The chances for indeed establishing such a right are good. This year the UN Children's Rights Convention will turn 30 years old. It already addresses environmental issues through the right to education (Art. 29) and right to health (Art. 24). Furthermore, a survey by the UN Special Rapporteur revealed that more than 100 countries worldwide have enshrined the right to a healthy environment in their constitutions. Experts agree: States have a special obligation for protecting children when there is a threat to their rights due to severe environmental interference. This concerns both partner countries as well as Germany.

What’s next? The time is running

The children and youth in the workshop in Indonesia were full of ideas: “Plant one tree for every child!” some participants from Cambodia suggested. “Stop-using single-use plastic!” children from Samoa, India and Indonesia demanded. The Thai participants wanted to start with awareness raising for adults. One thing that everyone agreed with: Plastic and waste must be reduced and environmental education in schools is needed to be more participative and active. Young people shared their experiences about massive environmental and health damage caused by deforestation and raw material extraction in their villages and called upon stated to protect children’s rights more effectively. Civil society and academia needs to network, exchange and learn more about children's rights and the nexus with the environment. Businesses also need to be involved in this debate and must fulfil their human rights due diligence.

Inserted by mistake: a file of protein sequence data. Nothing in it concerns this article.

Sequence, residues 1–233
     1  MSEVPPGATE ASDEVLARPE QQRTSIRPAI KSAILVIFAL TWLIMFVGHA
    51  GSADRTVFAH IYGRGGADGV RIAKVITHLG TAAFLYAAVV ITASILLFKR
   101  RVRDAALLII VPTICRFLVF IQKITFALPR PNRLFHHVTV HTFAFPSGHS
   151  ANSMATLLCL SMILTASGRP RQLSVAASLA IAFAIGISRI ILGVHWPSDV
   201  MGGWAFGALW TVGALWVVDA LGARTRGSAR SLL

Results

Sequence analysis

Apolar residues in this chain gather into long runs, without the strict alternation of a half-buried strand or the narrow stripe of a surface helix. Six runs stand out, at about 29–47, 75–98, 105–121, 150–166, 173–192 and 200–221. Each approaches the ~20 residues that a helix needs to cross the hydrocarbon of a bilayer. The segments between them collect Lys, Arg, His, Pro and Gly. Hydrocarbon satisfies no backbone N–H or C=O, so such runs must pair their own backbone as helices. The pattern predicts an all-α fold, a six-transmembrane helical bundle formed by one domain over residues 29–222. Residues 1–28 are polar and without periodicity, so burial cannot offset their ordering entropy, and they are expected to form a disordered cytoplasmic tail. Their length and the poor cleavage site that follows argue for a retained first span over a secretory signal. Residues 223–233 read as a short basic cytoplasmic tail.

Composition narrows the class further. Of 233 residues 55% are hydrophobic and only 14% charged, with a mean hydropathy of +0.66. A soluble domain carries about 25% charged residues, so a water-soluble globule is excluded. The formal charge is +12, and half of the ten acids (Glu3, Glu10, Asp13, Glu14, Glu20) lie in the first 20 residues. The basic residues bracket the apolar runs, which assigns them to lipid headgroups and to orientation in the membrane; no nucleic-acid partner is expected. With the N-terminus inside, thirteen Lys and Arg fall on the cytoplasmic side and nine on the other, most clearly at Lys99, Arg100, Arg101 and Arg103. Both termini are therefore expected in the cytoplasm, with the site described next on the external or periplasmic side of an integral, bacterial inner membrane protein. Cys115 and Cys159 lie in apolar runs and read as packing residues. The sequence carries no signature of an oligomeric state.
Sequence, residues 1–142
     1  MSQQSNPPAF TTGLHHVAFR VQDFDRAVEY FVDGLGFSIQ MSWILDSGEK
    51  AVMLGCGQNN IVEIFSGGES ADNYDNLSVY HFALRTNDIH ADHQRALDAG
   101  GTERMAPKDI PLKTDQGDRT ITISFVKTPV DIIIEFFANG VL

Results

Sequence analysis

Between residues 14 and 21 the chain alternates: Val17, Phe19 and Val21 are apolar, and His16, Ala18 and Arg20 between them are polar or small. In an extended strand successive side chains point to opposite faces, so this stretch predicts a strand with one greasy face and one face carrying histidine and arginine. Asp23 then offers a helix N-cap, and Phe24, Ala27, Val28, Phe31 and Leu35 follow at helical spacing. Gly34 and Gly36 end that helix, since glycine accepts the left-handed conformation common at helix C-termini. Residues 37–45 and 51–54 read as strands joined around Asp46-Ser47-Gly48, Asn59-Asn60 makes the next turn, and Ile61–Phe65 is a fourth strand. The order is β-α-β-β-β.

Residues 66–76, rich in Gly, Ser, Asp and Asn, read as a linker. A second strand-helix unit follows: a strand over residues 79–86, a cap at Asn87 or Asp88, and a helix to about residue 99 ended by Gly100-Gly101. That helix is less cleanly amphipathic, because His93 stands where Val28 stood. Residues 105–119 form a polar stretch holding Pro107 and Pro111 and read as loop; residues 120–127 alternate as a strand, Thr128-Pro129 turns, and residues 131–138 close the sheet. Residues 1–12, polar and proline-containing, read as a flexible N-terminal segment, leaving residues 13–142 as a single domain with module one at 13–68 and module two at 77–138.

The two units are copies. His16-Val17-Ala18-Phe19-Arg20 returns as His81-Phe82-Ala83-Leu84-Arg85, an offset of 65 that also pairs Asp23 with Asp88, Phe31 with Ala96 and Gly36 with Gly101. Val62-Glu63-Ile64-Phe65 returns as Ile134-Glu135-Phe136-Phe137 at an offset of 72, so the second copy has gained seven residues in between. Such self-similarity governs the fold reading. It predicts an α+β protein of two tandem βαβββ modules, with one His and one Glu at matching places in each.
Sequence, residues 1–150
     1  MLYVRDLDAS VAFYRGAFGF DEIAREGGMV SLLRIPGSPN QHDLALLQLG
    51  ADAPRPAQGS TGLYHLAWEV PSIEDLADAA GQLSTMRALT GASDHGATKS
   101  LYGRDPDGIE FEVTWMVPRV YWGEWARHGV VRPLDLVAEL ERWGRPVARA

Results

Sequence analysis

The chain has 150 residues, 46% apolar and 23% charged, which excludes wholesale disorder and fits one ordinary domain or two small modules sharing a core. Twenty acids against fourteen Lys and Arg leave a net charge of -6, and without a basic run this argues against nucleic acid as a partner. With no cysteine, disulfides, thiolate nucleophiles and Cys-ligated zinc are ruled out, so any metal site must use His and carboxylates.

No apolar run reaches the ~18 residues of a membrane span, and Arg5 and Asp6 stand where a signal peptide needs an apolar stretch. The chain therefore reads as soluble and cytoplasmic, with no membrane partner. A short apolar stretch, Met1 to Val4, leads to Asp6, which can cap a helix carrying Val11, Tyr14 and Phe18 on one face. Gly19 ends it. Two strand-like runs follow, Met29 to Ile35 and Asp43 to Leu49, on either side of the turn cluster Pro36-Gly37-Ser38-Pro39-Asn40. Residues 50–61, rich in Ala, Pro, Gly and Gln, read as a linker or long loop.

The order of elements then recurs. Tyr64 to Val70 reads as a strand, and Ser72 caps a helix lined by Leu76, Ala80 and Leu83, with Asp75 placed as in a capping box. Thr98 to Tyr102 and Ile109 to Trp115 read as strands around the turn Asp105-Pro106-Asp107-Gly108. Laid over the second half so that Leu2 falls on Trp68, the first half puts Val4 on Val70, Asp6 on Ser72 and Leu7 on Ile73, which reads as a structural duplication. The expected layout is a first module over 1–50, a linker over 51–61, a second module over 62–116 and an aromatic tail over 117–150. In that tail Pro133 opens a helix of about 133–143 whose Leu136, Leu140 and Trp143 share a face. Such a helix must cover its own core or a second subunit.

In a final “all-female” panel the representatives of the Indonesian Ministry for Environment and Women, together with an Indonesian activist and a civil society representative discussed the challenges in Indonesia. They identified among others haze and smoke clouds from forest fires, but also promising approaches such as "eco-schools" or "child fora" at the local level, which are committed to listen to the voice and interests of young people. Presentations by ombudswomen from Australia and Malaysia echoed similar challenges and approaches.

In sum, the discussion shows that first steps in the right direction have been taken in the region, but there is still a lot to do and that time is running, as the young people from Samoa reminded everyone: "We could lose our roots, our culture, if Samoa is sinking". Or in the words of other young participants: "It's time to act and not only talk!”


GIZ - Sector Programme "Implementing Human Rights, including Children's and Youth Rights, in Development Cooperation"

Friedrich-Ebert-Allee 36 + 40
53113 Bonn
Phone: +49 228 4460-3797